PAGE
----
Saturday, February 13, 2010

Review: The Disappeared by Kim Echlin

the disappeared
People do not like to think of love as a crucifixion but I know now, thirty years later, that if a person is tough enough for love nothing less than rebirth will be required.

I thought about waiting to write this review until my reaction to this book was less raw, but I already have a very special post for Valentine's Day tomorrow and this book is a love story. It's not a romance. It's a love story in an epic, heartbreaking way. And it's not just a love story between a woman and a man, it's a love story between a man and his culture and country.

The Disappeared is the story of Anne and her big, all consuming love for Serey. They meet when she's 16, she's a student, he's in exile from Cambodia. They have an instant attraction and soon end up spending all of their time together. He's a musician, which would have been quite deadly for him if he was still in Cambodia. He tells her about Cambodia and his longing to know what is happening in his country. When Cambodia finally reopens, he goes back and Anne never hears from him again.

Until one day, she's watching the news and she think she sees him. She immediately heads to Cambodia to find him. And so begins her search for her lover in the land of the killing fields.

I was deeply affected by The Disappeared. I know about Cambodia and the horrible purge that took place there, but this gorgeously crafted novel takes all of the horror and embeds it within the intense loss one person feels. The sights and sounds of Cambodia feel so real and the stories of the cruelty that took place were worse than anything I could imagine. When I read these books about genocide and revolution and violence, I always feel conflicted. On the one hand, I think how could anyone anyone do this? And on the other hand, I marvel that life isn't like this everywhere, that we've managed to find fragile peace in some places in the world.

The Disappeared succeeds in doing what is necessary to bring home the horror of these kind of world events, by individualizing the experience. Anne and Serey's grief and loss is palpable. And the language...oh the writing is so beautiful and perceptive I find myself wanting to quote the entire book.

I saw the world more sharply with you, as if I had put on new lenses, the left a little stronger than the right, but worn together they shaped blurred edges into clear lines. There were moments I would have liked not to see so sharply...I wanted to know everything about you. I was young and but slenderly knew myself.

Just a few structural notes...the book is told in first person as if Anne is speaking to Serey. It follows a linear fashion most of the time, but she does drop hints of what's to come in earlier narrative, giving you just a hint of mystery and wondering what will happen next.

The Disappeared is an achingly beautiful novel about love, about remembering the individuality of those lost, about how the people that are left behind who lost loved ones carry their lives within their own, how they live in their memory. It devastated me and left me feeling I had experienced so much loss myself. So, I guess, mission accomplished.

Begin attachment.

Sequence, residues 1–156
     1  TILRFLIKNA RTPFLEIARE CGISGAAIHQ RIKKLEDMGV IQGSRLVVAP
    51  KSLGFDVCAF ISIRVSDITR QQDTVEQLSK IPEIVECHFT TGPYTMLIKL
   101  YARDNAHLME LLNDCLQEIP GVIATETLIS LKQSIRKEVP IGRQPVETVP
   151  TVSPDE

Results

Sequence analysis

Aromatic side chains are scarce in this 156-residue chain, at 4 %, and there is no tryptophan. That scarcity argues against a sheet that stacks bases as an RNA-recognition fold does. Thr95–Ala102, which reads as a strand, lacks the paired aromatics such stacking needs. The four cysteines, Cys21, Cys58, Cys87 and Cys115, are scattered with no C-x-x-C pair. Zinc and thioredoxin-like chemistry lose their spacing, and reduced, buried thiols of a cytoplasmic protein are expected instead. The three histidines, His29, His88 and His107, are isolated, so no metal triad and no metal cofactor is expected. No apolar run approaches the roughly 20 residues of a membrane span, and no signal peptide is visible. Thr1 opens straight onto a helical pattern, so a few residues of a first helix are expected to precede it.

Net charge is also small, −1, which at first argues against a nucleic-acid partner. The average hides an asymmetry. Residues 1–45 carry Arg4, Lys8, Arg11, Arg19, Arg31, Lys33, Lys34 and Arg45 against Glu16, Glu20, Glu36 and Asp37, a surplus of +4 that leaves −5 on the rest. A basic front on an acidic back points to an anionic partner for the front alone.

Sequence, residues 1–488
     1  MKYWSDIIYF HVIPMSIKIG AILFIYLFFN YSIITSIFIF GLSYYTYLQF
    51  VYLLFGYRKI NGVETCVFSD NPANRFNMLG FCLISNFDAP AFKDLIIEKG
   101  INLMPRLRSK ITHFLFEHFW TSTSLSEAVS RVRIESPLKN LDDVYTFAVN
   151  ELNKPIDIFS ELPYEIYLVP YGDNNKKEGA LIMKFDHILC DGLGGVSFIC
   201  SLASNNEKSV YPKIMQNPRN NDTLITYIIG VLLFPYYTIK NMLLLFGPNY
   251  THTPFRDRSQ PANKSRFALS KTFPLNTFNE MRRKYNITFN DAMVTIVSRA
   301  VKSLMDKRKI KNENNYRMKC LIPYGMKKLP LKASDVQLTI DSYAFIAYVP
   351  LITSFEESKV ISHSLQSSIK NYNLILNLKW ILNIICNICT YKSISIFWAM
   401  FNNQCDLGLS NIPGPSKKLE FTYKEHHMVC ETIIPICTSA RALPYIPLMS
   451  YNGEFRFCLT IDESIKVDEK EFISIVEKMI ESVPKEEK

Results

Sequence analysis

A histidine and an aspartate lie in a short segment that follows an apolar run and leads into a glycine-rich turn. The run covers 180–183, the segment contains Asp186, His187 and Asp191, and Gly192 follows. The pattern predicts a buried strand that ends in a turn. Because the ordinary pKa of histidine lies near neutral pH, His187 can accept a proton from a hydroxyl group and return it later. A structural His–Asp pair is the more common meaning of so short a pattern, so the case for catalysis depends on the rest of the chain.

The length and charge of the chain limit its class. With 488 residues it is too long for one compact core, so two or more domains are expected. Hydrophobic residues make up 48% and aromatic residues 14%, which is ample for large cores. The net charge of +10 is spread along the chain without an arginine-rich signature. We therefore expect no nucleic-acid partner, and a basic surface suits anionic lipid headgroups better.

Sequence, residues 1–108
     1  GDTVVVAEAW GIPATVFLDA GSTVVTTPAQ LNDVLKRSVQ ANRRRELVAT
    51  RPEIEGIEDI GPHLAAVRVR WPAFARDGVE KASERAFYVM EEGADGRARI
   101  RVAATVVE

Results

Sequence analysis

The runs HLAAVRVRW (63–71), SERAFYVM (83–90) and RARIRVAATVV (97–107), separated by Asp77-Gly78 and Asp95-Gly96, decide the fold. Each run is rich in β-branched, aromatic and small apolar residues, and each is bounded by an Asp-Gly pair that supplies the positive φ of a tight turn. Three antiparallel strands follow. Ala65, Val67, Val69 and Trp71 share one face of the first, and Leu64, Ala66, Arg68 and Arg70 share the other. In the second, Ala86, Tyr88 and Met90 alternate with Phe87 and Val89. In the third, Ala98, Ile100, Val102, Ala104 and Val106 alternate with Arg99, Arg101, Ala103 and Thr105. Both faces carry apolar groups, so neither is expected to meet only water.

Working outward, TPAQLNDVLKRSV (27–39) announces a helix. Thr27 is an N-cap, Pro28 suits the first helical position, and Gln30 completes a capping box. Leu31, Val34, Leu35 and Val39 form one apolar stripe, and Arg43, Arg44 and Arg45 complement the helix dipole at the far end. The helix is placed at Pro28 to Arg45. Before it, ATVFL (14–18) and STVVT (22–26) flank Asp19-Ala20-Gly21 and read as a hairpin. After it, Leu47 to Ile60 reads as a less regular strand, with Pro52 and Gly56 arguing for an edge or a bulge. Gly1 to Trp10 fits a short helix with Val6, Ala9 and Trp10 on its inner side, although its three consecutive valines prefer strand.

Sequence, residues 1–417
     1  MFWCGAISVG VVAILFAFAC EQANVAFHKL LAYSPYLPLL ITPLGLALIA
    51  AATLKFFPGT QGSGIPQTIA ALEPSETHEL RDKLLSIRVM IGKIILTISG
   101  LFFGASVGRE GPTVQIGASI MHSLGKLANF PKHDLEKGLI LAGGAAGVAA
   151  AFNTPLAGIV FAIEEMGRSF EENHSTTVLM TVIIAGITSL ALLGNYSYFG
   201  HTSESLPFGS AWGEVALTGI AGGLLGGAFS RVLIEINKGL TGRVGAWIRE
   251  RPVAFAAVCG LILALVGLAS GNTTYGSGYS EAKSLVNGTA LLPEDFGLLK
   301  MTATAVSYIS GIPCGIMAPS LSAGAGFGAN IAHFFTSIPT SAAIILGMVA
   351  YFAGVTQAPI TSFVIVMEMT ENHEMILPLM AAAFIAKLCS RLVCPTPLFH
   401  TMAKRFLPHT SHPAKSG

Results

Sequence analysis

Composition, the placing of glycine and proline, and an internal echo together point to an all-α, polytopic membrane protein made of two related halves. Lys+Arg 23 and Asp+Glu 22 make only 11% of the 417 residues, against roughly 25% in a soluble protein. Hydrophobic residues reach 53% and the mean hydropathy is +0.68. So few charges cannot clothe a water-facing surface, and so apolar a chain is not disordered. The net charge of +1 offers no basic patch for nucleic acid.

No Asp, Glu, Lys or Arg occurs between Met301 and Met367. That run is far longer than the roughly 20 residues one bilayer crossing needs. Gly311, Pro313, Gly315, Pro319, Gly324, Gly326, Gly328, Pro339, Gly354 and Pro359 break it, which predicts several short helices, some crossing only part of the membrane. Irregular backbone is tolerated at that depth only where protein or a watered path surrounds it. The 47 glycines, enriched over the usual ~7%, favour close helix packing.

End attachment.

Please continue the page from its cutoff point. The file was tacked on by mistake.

(thanks to Beth for recommending this novel)

The strangeness of my love for you is that it has made me dead in life and you alive in death. I am afraid you will disappear and no one will remember your name.

Rating: 5/5
Things You Might Want to Know: a bit of language and sex.
Source of Book: Bought it
Publisher: Black Cat (imprint of Grove Atlantic)



passport in my pocket said...

great review! Will have to check it out...

Beth Kephart said...

oh my gosh, I'm so very happy you love this the way that I do. I was holding my breath. A beautiful review.

heatherlo said...

What a gorgeous review of what looks to be an amazing novel. The unfair thing about this is that of course I'm going to request it from my library immediately. I can't stay away from stories that leave such a profound impact on me emotionally - this one definitely sounds like it will. Thank you for bringing it to my attention, Amy.

bermudaonion said...

This sounds like a devastatingly beautiful book and I just love books like this. As sad as they make me, they educate me and make me thankful too. Your review is fantastic and I think the book's cover is gorgeous.

Jennie said...

Oh, I must read this. Adding to your thoughts in reading about mass tragedy and genocide, the other thing that amazes me is that life somehow manages to go on. While cultures and countries and peoples bear the scars, they still live their lives and smile and laugh and find love and still live. The resiliency of the human spirit--both individual and collective--never fails to amaze me in stories like these.

Caroline Starr Rose said...

Sounds lovely and painful, like THE GOD OF SMALL THINGS.

softdrink said...

Weird coincidence...I bought this yesterday. I saw it for the first time in the bookstore. Then you post a review about it, and it's also the featured book on Powell's Daily Dose today.

Beth F said...

Amazing review -- I was going to mention the Powell's connection, too. Okay. As soon as March is here, this is going in my shopping cart.

heidenkind said...

You make me really want to read this book, and I never would have otherwise.

bookjourney said...

Wonderful review Amy. I am going to look for this one at my Library.

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